12 posted on 03/24/2012 9:11:42 AM PDT by KoRn (Department of Homeland Security, Certified - "Right Wing Extremist")
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To: DogByte6RER

Has anybody noticed that Carrie Nation looks like Barney Frank in drag?


13 posted on 03/24/2012 9:14:19 AM PDT by SamAdams76 (I am 49 days away from outliving Phil Hartman)
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To: DogByte6RER

Has anybody noticed that Carrie Nation looks like Barney Frank in drag?


14 posted on 03/24/2012 9:14:25 AM PDT by SamAdams76 (I am 49 days away from outliving Phil Hartman)
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To: pepsionice
My own opinion on alcohol in the past is that it was probably a good thing, as alcohol kills bacteria in water. Drinking beer and wine was probably better than drinking water. Prohibition comes at a time when sanitation was improving and water became safer to drink, and alcoholism became an avoidable problem rather than a necessary evil.
15 posted on 03/24/2012 9:15:40 AM PDT by Vince Ferrer
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To: DogByte6RER

The churches still dictate local laws in some of these parts. Saving us from ourselves I suppose.


16 posted on 03/24/2012 9:16:51 AM PDT by GunRunner (***Not associated with any criminal actions by the ATF***)
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To: DogByte6RER

Why is Utah not highlighted anywhere? I was up there snowboarding once and my buddy and I couldn’t find a bar or any place that sold liquor anywhere near Orem or Provo.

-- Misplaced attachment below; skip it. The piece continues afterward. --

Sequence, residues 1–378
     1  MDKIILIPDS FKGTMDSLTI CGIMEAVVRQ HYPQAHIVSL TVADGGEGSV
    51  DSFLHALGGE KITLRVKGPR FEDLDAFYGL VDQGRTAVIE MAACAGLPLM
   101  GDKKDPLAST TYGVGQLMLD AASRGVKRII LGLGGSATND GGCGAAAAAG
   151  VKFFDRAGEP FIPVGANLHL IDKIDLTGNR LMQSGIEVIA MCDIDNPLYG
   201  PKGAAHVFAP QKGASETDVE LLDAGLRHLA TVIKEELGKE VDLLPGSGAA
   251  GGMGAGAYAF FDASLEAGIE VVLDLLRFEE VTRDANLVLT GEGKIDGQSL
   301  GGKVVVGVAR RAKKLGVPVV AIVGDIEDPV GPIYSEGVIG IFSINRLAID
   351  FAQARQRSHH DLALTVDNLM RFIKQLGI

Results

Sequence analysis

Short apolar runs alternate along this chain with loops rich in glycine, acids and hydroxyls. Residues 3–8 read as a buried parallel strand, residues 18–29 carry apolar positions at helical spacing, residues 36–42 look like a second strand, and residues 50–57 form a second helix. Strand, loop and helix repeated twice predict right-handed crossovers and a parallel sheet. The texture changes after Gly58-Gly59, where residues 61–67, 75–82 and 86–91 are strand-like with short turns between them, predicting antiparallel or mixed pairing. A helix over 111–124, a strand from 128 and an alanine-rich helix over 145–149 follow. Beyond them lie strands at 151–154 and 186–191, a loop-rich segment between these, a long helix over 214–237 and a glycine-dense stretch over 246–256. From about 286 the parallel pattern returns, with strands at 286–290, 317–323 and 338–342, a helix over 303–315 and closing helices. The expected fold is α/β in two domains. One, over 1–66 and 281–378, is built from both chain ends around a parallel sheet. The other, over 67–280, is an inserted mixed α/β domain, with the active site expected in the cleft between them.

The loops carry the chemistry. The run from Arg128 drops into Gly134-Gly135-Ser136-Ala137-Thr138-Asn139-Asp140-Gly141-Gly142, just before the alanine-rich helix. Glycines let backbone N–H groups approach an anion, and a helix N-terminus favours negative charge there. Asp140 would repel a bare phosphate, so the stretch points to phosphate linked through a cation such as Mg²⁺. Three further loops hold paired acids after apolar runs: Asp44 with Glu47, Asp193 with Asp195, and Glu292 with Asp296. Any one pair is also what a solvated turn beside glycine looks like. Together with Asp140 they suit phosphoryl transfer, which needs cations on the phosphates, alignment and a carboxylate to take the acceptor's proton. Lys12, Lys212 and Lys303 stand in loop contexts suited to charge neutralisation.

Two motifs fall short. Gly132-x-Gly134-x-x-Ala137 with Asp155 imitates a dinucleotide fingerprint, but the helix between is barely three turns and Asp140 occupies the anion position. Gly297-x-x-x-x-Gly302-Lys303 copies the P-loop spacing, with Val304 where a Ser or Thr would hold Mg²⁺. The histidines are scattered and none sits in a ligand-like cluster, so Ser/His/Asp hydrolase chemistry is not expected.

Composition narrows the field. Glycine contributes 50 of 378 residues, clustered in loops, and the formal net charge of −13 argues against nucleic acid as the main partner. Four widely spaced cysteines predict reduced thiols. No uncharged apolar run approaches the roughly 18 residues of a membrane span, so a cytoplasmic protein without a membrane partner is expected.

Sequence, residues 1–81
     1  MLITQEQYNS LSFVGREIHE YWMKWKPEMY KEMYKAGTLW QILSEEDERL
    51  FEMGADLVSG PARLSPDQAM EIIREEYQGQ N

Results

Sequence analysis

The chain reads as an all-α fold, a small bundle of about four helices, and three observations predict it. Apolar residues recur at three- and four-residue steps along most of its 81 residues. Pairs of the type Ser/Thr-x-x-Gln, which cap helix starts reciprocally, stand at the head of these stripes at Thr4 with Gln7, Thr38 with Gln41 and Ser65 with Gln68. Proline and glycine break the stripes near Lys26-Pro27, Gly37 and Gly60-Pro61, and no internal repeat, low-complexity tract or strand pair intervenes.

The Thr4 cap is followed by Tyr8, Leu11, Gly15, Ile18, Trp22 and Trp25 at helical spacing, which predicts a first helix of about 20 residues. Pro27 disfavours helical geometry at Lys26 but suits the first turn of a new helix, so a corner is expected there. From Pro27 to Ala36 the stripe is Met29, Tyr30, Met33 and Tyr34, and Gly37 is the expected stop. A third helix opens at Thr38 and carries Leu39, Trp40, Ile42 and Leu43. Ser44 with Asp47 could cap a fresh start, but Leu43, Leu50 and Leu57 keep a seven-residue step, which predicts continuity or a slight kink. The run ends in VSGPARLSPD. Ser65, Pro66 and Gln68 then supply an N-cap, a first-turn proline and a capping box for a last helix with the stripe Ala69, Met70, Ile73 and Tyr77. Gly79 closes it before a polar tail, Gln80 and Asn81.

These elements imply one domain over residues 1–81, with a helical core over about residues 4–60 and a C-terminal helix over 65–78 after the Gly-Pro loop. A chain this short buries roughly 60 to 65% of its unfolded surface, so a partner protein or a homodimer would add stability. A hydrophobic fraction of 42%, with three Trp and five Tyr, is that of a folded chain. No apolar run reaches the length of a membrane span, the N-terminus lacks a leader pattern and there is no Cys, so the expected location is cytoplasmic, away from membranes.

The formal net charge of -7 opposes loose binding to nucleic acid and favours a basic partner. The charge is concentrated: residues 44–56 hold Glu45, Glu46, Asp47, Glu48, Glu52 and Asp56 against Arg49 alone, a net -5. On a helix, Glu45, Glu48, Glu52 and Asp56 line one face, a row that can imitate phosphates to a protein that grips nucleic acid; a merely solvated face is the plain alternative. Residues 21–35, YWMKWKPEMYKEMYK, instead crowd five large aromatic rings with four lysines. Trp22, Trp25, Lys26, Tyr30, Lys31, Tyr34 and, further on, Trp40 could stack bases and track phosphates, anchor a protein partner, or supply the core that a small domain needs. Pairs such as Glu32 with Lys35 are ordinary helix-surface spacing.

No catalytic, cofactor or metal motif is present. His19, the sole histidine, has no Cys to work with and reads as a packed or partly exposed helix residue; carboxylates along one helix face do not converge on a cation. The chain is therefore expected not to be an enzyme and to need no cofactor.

17 posted on 03/24/2012 9:18:49 AM PDT by GunRunner (***Not associated with any criminal actions by the ATF***)
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To: DogByte6RER
Alcohol consumption remained rampant

Just for accurate history's sake, this is a misleading statement. Alcohol consumption plummeted; all over the country, drying out places closed for lack of business. Liver disease fell.

Whether these were worth the black market that sprang up is a judgement call.

But Prohibition proved one thing very clearly: If you pass a law to control a certain behavior, most law-abiding citizens will respect the law and not do it.(That's what "law abiding" means, after all). When Prohibition was repealed consumption returned to former levels.

The facts suggest that legalizing marijuana will result in a significant rise in consumption as the law abiding people who eschew it now would feel free to indulge. Something to consider for the implications.

BTW America has a history of such laws going back to colonial times. Prohibition was in the grand tradition of "sumptuary laws" carried over from England, and which sought to enforce morality in all sorts of ways. Like Prohibition they were inconsistent, often repealed after elections, with little effect in the long run.

18 posted on 03/24/2012 9:22:12 AM PDT by hinckley buzzard
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To: DogByte6RER

I wouldn’t exactly call it prohibition here in Michigan. 5 hours per day you can’t buy alcohol is no big deal. (2AM to 7AM) Just buy what you need before 2AM.

An old girl who has been running one local party store since 1938 won’t sell till 5PM on Sundays.


19 posted on 03/24/2012 9:22:45 AM PDT by cripplecreek (What does it profit a man if he gains the whole world but loses his soul?)
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To: GunRunner

As I understand it Utah has odd laws regarding alcohol sales. Seems like I read that you have to buy a membership kinda like belonging to the Elks or Moose.


20 posted on 03/24/2012 9:27:13 AM PDT by cripplecreek (What does it profit a man if he gains the whole world but loses his soul?)
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To: hinckley buzzard

Same here, and I loved those taverns!
Best chow around!


21 posted on 03/24/2012 9:27:27 AM PDT by mylife (The Roar Of The Masses Could Be Farts)
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To: DogByte6RER
These Are The Places In America Where Alcohol Is Still Banned

Probably not a coincidence that these are areas Rick Santorum seems to do best.